Has anyone offered any credible suggestion for how, some 14 billion years ago, we suddenly got a hundred trillion times more than a trillion trillion trillion tons of matter from — zilch? Has anyone explained how dumb carbon, hydrogen, and oxygen molecules could have, by combining accidentally, become sentient — aware! — and then utilized this sentience to acquire a taste for hot dogs and the blues?

How any possible natural random process could mix those molecules in a blender for a few billion years so that out would pop woodpeckers and George Clooney? Can anyone conceive of any edges to the cosmos? Infinity? Or how particles still spring out of nothingness? Or conceive of any of the many supposed extra dimensions that must exist everywhere in order for the cosmos to consist fundamentally of interlocking strings and loops? Or explain how ordinary elements can ever rearrange themselves so that they continue to acquire self-awareness and a loathing for macaroni salad? Or, again, how everyone of dozens of forces and constants are precisely fine-tuned for the existence of life?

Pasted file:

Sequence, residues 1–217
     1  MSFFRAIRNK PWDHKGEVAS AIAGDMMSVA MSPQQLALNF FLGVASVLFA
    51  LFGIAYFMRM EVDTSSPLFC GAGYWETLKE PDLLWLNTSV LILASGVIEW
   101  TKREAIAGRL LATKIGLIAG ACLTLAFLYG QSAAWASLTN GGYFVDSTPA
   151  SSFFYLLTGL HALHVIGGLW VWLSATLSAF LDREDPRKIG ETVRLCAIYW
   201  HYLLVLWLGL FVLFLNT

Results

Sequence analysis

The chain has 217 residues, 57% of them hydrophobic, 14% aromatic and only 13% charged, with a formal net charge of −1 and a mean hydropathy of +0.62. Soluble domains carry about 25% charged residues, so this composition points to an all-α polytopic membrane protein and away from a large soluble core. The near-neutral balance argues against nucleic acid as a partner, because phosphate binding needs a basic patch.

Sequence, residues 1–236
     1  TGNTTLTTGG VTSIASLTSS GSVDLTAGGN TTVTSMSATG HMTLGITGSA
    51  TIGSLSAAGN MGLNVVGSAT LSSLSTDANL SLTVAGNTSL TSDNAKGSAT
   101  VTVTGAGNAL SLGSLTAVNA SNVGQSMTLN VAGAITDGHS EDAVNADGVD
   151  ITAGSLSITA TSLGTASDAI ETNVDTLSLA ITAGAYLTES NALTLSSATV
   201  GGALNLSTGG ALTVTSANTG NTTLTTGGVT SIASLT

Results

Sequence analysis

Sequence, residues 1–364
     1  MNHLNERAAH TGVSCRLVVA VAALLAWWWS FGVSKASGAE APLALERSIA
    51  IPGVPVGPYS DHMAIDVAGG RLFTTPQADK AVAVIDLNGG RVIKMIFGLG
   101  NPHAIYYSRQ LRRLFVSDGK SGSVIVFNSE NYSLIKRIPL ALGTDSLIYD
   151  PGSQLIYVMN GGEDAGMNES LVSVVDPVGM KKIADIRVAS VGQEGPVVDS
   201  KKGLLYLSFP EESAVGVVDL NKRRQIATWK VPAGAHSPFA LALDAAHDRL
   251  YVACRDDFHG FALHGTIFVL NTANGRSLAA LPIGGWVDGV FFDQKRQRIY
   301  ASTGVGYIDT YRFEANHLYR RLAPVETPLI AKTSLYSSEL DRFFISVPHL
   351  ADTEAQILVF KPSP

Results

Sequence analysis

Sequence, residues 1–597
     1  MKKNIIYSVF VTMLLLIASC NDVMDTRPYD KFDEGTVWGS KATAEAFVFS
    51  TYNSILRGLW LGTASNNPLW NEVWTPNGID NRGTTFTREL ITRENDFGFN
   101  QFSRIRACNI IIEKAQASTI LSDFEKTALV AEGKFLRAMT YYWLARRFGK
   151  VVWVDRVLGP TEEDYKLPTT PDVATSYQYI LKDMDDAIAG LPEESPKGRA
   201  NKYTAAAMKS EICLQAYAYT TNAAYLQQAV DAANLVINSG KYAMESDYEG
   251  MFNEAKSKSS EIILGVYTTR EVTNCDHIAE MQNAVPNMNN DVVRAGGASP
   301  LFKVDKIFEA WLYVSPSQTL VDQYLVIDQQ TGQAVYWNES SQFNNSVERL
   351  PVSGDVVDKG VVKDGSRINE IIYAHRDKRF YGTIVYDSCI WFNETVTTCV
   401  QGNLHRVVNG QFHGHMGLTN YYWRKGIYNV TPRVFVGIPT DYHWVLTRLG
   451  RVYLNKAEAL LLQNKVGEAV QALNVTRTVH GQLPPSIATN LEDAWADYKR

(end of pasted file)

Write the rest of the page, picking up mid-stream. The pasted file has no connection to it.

Is it not obvious that science only pretends to explain the cosmos on its fundamental level?

By reminding us of its great successes at figuring out interim processes and the mechanics of things, and fashioning marvelous new devices out of raw materials, science gets away with patently ridiculous “explanations” for the nature of the cosmos as a whole. If only it hadn’t given us HDTV and the George Foreman grill, it wouldn’t have held our attention and respect long enough to pull the old three-card Monte when it comes to these largest issues.